Africa Matters is a blog that follows the news and offers analysis of African affairs. Our aim is to delve deeper into the issues of African politics and development. We don’t presume to be experts, and we don’t presume to have all the answers—we are just trying to ask the right questions.

Monday, March 5

Free trade fails for fish

Senegal’s Minister of Maritime Economy, Djibo Leïty Ka, returned to Senegal last week after a second round of fishing rights talks with the EU failed. The recent breakdown was due to a controversy over EU deep-sea fishing licenses.

There is immense potential for Senegal and neighboring countries to prosper from exporting fish to Europe, but the Europeans are doing all the fishing themselves.

Since 1990, the EU has negotiated four fishing agreements with Senegal. The most recent agreement expired in 2001 but has been extended twice during negotiations. Now the EU is demanding to increase its catch by 60 percent, from an annual quota of 10,000 to 16,000 tons and to increase the number of vessels allowed in Senegalese waters from 148 to 207. If these demands are met, excessive EU fishing rights along the 2,000 kilometer stretch from Morocco to Guinea-Bissau will undermine African livelihoods and hinder development of African fishing industries.

Fish is Senegal’s main export and is the second largest industry after tourism. The fishing sector employs about 600,000 of the country's 3.5 million economically active people. But this number could be much higher if foreign companies hired more local workers, or if Senegal had a larger share of the fish catch quota.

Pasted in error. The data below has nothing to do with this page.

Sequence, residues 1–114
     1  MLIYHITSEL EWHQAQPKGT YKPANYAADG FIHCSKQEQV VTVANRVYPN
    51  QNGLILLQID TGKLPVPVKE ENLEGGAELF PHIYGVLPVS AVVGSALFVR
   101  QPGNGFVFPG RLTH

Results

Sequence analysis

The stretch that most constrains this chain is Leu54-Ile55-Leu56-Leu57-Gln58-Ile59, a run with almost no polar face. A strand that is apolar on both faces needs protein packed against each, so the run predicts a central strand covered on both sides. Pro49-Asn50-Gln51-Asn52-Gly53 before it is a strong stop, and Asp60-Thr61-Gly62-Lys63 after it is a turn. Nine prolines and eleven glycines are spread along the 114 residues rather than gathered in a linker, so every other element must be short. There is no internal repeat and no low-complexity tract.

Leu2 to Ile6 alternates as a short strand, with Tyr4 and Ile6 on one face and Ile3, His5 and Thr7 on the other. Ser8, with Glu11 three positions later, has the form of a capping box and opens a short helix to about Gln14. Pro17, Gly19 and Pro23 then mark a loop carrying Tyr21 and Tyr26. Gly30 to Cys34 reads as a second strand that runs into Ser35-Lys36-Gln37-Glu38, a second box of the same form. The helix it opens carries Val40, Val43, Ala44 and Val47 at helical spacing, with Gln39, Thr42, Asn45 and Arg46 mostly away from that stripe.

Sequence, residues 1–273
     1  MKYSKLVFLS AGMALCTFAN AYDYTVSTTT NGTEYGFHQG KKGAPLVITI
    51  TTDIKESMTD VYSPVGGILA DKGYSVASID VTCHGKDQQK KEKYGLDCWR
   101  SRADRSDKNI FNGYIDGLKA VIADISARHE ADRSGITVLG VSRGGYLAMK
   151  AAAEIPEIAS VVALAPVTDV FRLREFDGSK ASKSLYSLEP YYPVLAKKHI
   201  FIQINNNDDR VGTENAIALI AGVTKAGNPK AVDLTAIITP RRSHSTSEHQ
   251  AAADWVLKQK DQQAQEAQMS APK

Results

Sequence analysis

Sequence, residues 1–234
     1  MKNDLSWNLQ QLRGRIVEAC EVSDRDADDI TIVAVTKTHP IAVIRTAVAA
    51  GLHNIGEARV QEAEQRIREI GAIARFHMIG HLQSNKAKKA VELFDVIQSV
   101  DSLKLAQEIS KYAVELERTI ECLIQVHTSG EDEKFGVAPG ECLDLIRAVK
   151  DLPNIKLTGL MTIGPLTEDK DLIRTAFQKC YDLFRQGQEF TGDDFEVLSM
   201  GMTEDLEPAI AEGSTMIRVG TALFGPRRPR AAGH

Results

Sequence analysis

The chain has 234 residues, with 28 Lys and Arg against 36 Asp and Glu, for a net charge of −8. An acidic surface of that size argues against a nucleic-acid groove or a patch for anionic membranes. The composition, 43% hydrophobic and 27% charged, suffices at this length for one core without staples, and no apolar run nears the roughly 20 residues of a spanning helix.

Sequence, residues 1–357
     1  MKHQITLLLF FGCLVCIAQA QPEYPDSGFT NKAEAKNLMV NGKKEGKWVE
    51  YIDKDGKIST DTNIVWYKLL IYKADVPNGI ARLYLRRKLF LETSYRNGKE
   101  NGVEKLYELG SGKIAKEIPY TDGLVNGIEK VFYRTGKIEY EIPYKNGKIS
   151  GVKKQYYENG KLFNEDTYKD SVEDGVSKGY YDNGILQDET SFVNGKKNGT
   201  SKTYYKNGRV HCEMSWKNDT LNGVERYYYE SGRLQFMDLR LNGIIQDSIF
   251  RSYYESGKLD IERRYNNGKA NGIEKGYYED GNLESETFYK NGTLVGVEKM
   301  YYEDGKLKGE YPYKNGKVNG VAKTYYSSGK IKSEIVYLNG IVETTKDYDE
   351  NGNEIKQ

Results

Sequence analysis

Because fish is an essential source of protein for many Africans, overfishing is also creating a food security and conservation crisis in Senegal. Seventy percent of fish consumed locally comes from small-scale artisan fishing. Yields of conch, a major food source in Senegal, fell from 20,000 tons in 1989 to 5,000 tons in 1998. Trawling European boats overfish and contribute to depletion of deep-sea species (see graph). Meanwhile, Senegalese fishermen who use traditional methods have to travel as far as Sierra Leone to catch fish.

Fishing permits can bring in large profits for African countries––in 2002 an estimated 15 percent of Mauritania's national budget and 30 percent of Guinea-Bissau's came from selling permits. But these flat fees go directly into the ministries’ coffers, and do not benefit the people working in the industry.

But permits aren’t the only problem. The EU spends about $1 billion annually subsidizing fisheries, about $280 million of which supports fishing outside of EU waters. Without this support, European countries could not afford to send so many vessels to Africa, and Europe would be forced to import fish from developing countries.

Demand for African fish in Europe is high: between 1993 and 1997, Europe bought 540,000 tons of fish annually. Nearly half came from Africa.

Senegalese authorities fear that if they do not grant the EU a fishing license, the EU will deny export market access. In a perversion of free trade, Senegal must sell access to its exportable goods in order to have the right to export them.

The EU should cap or eliminate fishing subsidies. In 2002, the World Trade Organization agreed to place fish subsidies on the agenda for the Doha round of trade talks. These talks could have capped fish subsidies, estimated to be over $14 billion worldwide, thus opening markets for countries like Senegal. But with the Doha talks stalled since July 2006, Senegal’s fishing sector is likely to remain caught in the nets of unfair fishing agreements.

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